By: John Joseph
Date: March 30th 2015 02:55 PM
Across the Internet there are thousands of pages, posts, and tweets about the possibility of Las Vegas landing a National Hockey League team. Many of the messages are written by future fans of the team or by fans eager to make a trip to watch their favorite teams play in Las Vegas. On the flip side, there is a massive amount of critics who are already calling a hockey team in Las Vegas a failure before the puck has even dropped.
One of the most basic criticism is that since it doesn't regularly snow in Las Vegas the team doesn't deserve to exist and won't get any support. Many of the hockey purist making this argument hail from cold weather places like Canada or the Northeastern United States. Fortunately for Las Vegas, successful hockey markets like Tampa, San Jose, and Los Angeles prove that cold and snowy weather isn't a necessary piece for success. Likewise, the team has already secured nearly 10,000 season ticket deposits from excited fans who wanted to show their support for the team.
Another criticism is that Las Vegas doesn't deserve a team while other markets like Quebec City deserve a team more. The critics say that Quebec City has better fans waiting in the wings for their own team and that they have already waited too long. It is true that Quebec City does deserve a team and it will likely happen eventually but the focus of the NHL right now is on Las Vegas. Las Vegas gives the league a unique opportunity to expand into a new promising market that the league has been considering for years. Now that a strong potential owner has showed up and soon to be complete state of the art arena is in place it make since for the league to pursue Las Vegas.
It is true that Quebec has some of the most diehard fans of hockey and do deserve a team one day but these critics need to realize that Quebec City and Las Vegas getting teams is not mutually exclusive and both cities can land teams in the future. Right now the league has 30 teams and with Las Vegas would have 31. It is highly likely that a 32nd team would be created relatively soon. If not through expansion, Quebec City is considered a top destination for a team needing to be relocated.
Others say that Las Vegas will suffer the same problems as the Arizona Coyotes and Florida Panthers with poor attendance and little interest among the locals. Unfortunately for both of those teams, they suffered from so many set backs that have greatly harmed both teams.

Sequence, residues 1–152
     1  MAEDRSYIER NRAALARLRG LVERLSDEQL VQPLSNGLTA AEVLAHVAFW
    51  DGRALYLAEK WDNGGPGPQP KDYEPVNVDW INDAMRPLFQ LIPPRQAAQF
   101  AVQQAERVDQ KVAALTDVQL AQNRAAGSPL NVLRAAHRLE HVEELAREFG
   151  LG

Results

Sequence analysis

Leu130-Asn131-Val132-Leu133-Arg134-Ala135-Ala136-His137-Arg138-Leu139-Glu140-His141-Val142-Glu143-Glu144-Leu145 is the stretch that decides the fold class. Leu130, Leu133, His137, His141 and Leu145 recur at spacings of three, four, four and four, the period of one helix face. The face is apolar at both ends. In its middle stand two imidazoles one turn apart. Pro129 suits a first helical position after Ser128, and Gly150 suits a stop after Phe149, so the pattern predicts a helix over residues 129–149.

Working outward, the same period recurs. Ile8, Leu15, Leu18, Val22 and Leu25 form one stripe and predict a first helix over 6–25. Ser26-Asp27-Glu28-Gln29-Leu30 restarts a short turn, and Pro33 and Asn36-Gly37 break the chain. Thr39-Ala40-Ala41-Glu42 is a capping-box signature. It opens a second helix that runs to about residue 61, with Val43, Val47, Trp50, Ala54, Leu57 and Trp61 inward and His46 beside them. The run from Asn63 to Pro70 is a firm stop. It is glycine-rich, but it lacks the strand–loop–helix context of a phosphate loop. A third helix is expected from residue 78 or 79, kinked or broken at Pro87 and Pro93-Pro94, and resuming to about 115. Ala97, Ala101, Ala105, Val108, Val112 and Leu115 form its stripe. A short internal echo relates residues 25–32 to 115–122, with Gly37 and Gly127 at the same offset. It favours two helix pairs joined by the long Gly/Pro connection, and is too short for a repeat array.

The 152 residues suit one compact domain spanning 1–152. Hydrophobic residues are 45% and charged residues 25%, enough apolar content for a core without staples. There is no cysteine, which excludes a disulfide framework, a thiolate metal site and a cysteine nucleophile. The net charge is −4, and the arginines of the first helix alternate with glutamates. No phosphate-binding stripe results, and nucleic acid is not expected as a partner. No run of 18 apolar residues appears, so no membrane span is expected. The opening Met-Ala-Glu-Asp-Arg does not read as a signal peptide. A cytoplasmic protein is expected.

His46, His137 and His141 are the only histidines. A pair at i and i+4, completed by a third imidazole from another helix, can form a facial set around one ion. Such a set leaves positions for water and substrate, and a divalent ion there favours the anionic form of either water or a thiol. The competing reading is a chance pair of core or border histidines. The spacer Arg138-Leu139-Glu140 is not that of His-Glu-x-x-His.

The Panthers terrible on ice performance, one of the worst in professional sports, has prevented the team from convincing the people in South Florida to show up and follow the team. The Panthers have also suffered poor management decisions that have negatively effected building the fan base.
If the Panthers' situation was bad, the problems in Arizona are even worst. While not quite as bad as the Panthers, the Coyotes have had mediocre on ice performance and like the Panthers have never won a Stanley Cup. The Coyotes have suffered from extremely bad ownership in the past with an owner who forced the team into bankruptcy and was doing everything possible to push them out of Phoenix. For years the Coyotes were in limbo, will they stay or will they go, that caused many fans to not know if the team would even exist the next season. To make maters even worst, the Coyotes arena is situated in the far West valley away from most of the population and more importantly the hockey fan demographic.
Fortunately for the Panthers and Coyotes both teams have transitioned to new ownership recently and both groups have committed to improving the teams on and off the ice.
While we don't know yet how well the Las Vegas team will perform on the ice, the management appears to understand what it takes to attract fans and rally the city around the team. Another key piece, the arena, is centrally located on the strip right off of highway 15 and not in some far off suburb.
No matter how good things look, the ultimate fate on whether Las Vegas gets an NHL lies with the league and their board of governors. A decision on if the expansion will be approved is likely to come this summer.